Middle East

    • A blind child carries a dove at a protest against the attack on the al-Nour Center for the Blind in Sana'a, Yemen, Jan. 10, 2016. Students say neither the school, nor themselves, have taken any side in the war. (A. Mojalli/VOA)
    • Five people were injured in the airstrike in January 2016 at the center in Sana'a, Yemen, and Human Rights Watch says the bomb didn’t explode, preventing a greater tragedy. (A. Mojalli/VOA)
    • Human Rights Watch says nearly 6,000 people have been disabled since the Saudi-led coalition began airstrikes nine months ago. (A. Mojalli/VOA)
    • The al-Nour center is Sana’a’s only school for the blind, serving roughly 250 people and housing more than 100. (A. Mojalli/VOA)
    • Human Rights Watch says Houthi militants are partially to blame for putting the center in danger by stationing militiamen near the school. Houthi leaders and school workers deny soldiers were stationed nearby. (A. Mojalli/VOA)
    • An outraged Yemeni public says the attack on Yemen’s most vulnerable children is an attack on humanity. (A. Mojalli/VOA)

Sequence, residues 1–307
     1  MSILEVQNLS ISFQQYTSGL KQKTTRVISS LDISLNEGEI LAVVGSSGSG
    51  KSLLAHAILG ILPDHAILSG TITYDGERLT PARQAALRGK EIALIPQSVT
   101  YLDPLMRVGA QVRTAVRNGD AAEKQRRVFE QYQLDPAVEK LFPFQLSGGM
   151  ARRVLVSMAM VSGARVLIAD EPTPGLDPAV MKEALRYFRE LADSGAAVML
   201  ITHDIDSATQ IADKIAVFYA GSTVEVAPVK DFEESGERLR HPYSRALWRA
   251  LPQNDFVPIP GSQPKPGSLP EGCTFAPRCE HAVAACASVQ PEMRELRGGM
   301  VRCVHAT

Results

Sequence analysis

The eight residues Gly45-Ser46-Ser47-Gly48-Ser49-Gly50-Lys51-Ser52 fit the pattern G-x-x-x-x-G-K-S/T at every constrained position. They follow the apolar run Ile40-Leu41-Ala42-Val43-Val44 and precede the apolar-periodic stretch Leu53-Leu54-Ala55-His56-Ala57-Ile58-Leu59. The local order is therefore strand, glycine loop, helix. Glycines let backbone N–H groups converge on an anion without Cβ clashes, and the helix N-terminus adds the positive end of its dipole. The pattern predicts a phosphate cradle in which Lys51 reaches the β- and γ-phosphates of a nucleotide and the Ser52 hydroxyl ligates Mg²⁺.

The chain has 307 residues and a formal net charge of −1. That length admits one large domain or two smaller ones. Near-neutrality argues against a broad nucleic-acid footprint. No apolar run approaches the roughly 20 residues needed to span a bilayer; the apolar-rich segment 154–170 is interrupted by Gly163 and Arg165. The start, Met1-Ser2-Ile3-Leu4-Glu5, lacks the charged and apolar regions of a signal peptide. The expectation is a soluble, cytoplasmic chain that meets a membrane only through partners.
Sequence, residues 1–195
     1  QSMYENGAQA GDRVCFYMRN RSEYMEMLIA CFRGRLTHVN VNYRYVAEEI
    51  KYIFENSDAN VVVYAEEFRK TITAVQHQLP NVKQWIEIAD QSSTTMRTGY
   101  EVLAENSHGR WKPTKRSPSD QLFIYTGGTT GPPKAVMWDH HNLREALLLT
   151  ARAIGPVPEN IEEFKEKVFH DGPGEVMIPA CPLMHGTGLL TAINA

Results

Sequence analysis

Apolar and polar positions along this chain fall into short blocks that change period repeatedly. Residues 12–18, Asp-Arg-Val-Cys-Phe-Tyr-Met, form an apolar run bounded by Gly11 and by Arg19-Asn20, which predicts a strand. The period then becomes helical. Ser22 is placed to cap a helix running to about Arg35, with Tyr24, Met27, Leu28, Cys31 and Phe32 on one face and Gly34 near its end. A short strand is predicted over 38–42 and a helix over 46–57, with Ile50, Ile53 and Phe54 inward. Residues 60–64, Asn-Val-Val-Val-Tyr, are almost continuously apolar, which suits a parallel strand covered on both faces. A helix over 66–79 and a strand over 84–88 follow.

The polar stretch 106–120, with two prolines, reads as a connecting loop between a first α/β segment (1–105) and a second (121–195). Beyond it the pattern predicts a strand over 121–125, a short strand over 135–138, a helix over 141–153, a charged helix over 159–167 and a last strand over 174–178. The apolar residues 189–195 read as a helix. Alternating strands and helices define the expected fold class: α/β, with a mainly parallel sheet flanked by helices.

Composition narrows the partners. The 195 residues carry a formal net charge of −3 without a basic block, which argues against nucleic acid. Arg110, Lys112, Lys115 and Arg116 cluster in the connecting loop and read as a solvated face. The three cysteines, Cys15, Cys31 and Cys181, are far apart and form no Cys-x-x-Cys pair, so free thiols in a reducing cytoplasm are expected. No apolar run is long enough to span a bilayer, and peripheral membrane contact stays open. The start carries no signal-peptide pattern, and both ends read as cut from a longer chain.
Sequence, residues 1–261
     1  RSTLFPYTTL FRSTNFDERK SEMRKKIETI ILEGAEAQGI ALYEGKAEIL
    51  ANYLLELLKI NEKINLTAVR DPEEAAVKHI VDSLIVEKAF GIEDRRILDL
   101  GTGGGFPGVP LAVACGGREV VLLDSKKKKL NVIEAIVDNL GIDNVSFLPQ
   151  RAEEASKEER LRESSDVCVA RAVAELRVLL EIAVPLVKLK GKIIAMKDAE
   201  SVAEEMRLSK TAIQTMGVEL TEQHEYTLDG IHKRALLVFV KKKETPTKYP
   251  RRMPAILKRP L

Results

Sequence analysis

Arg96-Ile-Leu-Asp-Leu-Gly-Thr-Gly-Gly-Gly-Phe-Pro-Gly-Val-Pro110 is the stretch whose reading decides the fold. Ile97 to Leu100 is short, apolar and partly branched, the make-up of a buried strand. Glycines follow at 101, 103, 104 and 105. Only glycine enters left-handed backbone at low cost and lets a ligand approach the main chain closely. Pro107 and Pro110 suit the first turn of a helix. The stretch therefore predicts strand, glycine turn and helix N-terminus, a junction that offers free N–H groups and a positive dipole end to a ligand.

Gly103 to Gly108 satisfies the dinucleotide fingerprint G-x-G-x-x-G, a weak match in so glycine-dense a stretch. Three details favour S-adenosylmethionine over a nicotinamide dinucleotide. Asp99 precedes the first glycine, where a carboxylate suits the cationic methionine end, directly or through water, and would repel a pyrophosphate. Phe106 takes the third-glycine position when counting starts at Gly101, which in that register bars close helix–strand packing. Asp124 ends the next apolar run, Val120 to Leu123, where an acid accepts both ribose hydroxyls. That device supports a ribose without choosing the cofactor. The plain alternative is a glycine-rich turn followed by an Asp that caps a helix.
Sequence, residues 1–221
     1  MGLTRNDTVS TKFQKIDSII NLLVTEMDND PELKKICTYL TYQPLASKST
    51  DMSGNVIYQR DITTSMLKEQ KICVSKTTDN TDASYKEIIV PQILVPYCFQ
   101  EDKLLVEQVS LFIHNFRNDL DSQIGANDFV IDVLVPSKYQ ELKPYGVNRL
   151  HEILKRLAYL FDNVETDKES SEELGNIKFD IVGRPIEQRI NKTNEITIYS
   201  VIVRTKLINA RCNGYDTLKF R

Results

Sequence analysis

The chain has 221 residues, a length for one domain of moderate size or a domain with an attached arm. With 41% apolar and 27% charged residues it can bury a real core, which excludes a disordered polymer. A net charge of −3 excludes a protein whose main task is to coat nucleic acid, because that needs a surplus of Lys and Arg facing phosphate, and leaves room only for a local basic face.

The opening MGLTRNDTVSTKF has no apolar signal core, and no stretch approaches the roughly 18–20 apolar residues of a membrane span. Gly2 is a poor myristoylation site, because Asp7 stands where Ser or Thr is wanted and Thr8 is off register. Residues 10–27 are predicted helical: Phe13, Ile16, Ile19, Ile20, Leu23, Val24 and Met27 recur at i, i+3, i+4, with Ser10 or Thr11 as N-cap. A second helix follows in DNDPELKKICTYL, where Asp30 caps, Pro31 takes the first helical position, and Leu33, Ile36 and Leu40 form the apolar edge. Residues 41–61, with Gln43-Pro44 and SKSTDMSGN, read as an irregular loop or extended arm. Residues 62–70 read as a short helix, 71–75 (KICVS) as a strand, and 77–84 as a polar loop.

Yemeni Children, Disabled at Risk

    Published January 14, 2016

    After a center for the blind was hit by Saudi-led airstrikes in Yemen, Human Rights Watch says Houthi militants are partially to blame for using civilian sites for military purposes.

    You May Like

    US, Somalia Launch New Chapter in Relations

    US sends first ambassador to Somalia in 25 years; diplomatic presence and forces pulled out in 1993, after 18 US soldiers were killed when militiamen shot down military helicopter

    Brexit Vote Ripples Across South Asia

    Experts say exit is likely to have far-reaching economic, political and social implications for a region with deep historic ties to Britain

    Russian Military Tests Readiness With Snap Inspections

    Some observers see surprise drill as tit-for-tat response to NATO’s recent multinational military exercises in Baltic region